By Henry Ehrlich
Did Rome fall because Romans drank out of pewter cups that contained lead? Was Mozart poisoned by a jealous, second-rate composer? Was Abraham Lincoln bipolar? J. Edgar Hoover—was he or wasn’t he? I enjoy stories that reexamine history through a contemporary lens. That’s why I was drawn to an article recently in JACI In Practice called “The Misunderstood Asthma of Theodore Roosevelt” by Dr. Carlos A. Camargo and Tweed Roosevelt, great grandson of the 26th President of the United States.
I learned in elementary school that Roosevelt was driven to overcome a sickly childhood and become a man of action—Rough Rider, explorer, and hunter, whose philosophy was embodied in the slogan, “Speak softly and carry a big stick.”
Theodore Roosevelt was born in 1858, two years before a paper was published by the British MD Henry Salter that is recognized as the first modern treatise on asthma. Dr. Camargo and Mr. Roosevelt went through the family archives to examine an idea that has preoccupied T.R. scholars for a century, that his asthma was psychosomatic. When I was a kid, we thought that psychosomatic meant “all in your head” like the headaches that used to strike us occasionally on Monday mornings. Now we understand it to mean physical ailments that can be triggered or aggravated by stress and conflict. David McCullough, Roosevelt biographer cited by Camargo and Roosevelt, has noted that young Teddy’s exacerbations fell on weekends, giving him a chance to spend more time with his parents and avoid going to church. I would have to read the book to find out how dismissive he really is of the reality of the disease.
Like ordinary families trying to cope with chronic disease today, the Roosevelts went to great lengths to manage young T.R.’s asthma; his father even took to driving him around in a carriage in the middle of the night when symptoms were worst to get more fresh air into his lungs. (Contemporary parents have been known to strap sleepless children in a car seat and drive them around, too.) Like wealthier families in every age, they had recourse to every remedy money could buy, and the list is fascinating: rhubarb pills, mustard plasters, cigar smoke, and strong black coffee were favorites.
Up until the age of 12, Roosevelt frequently stayed indoors and avoided strenuous activity like many modern asthmatic kids. Unlike modern kids with their screens, he amused himself with hobbies like taxidermy. The exposure to animal pelts and chemicals may have aggravated his problems. After that, upon the urging of his dad, he built himself up in the gym and threw himself into the frontier life that made him so famous as an explorer, naturalist, and hunter, but he continued to suffer from asthma. Having pored over the papers in detail, the article authors find ample evidence that Teddy was really sick, which counters McCullough’s argument. Stress did play a role in triggering exacerbations, as when he traveled a great distance to be at the bedside of his dying wife.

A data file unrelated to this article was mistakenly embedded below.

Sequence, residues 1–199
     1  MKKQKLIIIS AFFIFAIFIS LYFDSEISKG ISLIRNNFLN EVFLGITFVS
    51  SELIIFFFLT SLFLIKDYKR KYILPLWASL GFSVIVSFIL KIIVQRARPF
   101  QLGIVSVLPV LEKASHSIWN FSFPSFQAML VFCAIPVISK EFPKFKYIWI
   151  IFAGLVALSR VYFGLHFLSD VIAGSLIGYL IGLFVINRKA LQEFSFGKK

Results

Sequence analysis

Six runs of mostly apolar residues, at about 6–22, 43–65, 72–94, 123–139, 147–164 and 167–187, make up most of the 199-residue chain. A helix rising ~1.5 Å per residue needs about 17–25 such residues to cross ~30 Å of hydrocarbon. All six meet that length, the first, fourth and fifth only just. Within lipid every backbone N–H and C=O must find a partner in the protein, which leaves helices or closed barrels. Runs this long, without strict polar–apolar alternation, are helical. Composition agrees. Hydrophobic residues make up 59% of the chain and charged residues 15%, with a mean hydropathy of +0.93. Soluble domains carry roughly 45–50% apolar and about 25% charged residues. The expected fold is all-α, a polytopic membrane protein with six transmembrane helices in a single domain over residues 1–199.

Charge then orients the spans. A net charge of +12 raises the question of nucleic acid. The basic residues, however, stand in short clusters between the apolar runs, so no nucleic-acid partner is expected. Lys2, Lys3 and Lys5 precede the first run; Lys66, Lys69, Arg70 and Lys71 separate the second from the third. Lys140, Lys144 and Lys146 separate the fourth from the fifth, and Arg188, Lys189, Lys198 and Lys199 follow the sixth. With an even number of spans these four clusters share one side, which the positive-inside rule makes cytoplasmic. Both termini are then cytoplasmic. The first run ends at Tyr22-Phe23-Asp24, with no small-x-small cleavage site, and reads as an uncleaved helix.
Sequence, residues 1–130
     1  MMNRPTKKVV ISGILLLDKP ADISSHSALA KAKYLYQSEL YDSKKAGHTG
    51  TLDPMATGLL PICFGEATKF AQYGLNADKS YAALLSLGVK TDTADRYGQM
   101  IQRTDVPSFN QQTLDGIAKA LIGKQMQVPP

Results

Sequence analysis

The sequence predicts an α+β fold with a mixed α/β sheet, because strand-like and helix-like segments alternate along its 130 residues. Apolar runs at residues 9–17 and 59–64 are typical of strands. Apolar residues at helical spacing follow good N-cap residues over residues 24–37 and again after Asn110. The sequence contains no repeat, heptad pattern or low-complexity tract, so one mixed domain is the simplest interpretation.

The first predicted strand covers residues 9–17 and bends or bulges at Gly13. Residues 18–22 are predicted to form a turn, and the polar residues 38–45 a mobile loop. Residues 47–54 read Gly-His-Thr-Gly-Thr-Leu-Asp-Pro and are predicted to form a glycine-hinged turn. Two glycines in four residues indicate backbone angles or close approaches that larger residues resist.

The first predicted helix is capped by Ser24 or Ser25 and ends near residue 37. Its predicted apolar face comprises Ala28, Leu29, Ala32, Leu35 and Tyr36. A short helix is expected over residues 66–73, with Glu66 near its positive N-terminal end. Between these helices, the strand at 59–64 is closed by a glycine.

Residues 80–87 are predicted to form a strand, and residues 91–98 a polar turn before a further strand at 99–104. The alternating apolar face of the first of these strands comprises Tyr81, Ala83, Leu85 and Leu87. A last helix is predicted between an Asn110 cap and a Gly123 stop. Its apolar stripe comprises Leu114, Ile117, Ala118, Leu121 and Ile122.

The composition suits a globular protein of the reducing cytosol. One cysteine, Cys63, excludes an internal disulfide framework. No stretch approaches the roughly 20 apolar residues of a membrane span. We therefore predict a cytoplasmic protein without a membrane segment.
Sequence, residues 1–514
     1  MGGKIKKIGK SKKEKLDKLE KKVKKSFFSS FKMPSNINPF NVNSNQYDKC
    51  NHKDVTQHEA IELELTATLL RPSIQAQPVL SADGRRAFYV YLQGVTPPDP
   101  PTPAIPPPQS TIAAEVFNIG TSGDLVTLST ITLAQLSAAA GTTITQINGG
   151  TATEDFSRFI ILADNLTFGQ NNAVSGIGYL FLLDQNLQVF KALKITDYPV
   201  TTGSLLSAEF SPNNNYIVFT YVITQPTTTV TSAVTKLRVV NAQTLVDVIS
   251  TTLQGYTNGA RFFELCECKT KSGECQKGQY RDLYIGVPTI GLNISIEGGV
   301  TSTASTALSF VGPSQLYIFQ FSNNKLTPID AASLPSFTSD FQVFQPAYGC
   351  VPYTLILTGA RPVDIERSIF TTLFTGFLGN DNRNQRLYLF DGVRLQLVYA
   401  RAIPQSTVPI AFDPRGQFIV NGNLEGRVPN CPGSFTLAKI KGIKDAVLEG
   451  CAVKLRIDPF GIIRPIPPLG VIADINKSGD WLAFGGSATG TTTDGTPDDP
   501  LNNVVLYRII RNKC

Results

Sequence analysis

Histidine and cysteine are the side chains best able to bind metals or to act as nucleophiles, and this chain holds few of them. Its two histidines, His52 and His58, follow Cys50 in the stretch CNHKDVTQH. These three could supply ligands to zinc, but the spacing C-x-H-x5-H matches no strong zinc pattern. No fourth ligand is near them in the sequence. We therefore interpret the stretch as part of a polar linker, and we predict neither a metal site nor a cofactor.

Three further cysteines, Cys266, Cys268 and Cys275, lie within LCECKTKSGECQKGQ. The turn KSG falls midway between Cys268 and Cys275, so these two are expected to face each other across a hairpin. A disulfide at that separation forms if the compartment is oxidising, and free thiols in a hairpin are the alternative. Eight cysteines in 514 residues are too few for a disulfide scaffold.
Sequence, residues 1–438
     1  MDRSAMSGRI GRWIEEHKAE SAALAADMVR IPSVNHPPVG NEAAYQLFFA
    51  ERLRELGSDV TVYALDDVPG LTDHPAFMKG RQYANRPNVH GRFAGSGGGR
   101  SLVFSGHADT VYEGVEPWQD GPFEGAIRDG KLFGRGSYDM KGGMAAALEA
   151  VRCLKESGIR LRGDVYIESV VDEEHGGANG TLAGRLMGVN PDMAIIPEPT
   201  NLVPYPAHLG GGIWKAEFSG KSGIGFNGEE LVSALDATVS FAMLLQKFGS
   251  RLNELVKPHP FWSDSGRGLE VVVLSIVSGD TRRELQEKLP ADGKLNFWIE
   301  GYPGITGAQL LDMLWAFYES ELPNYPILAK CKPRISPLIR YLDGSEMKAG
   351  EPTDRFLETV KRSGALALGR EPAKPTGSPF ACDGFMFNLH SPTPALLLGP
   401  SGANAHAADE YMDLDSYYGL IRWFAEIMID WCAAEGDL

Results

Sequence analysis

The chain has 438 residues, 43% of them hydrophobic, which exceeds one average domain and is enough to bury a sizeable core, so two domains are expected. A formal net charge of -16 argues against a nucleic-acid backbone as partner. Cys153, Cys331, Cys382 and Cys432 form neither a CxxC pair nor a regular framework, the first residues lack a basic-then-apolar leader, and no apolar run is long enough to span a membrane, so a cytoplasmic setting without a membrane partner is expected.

We have been saying on this website and in our book for a long time that asthma is a syndrome, a collection of symptoms, not a single disease. Reading about Roosevelt, he is a walking collection of phenotypes—observed differences of disease characteristics, some of which appear allergic, and some of which look like they were triggered by other irritants. Some may have involved the stress of growing up in a high-powered family. As Larry points out in our book, the field of family therapy grew out of a residential asthma treatment program where children who seemed non-symptomatic would start wheezing on parent visiting day. In an article a decade ago, Dr. Rosalind J. Wright elevated stress to the level of an environmental asthma trigger when she wrote: “Psychological stress should be conceptualized as a social pollutant that can be ‘breathed’ into the body and disrupt several physiological pathways, similar to how air pollutants and other physical toxicants may lead to increased risk for atopy.”
Looking back, we can see in Roosevelt’s response to his childhood illness the seeds of the progressive political agenda that shaped his career, and which still resonate today, These include the idea of universal health care and dramatic expansion of the national park system. As William Faulkner said, “The past isn’t dead. It isn’t even past.”
Thanks to Dr. Camargo and Mr. Roosevelt for giving us the past in a way that instructs the present.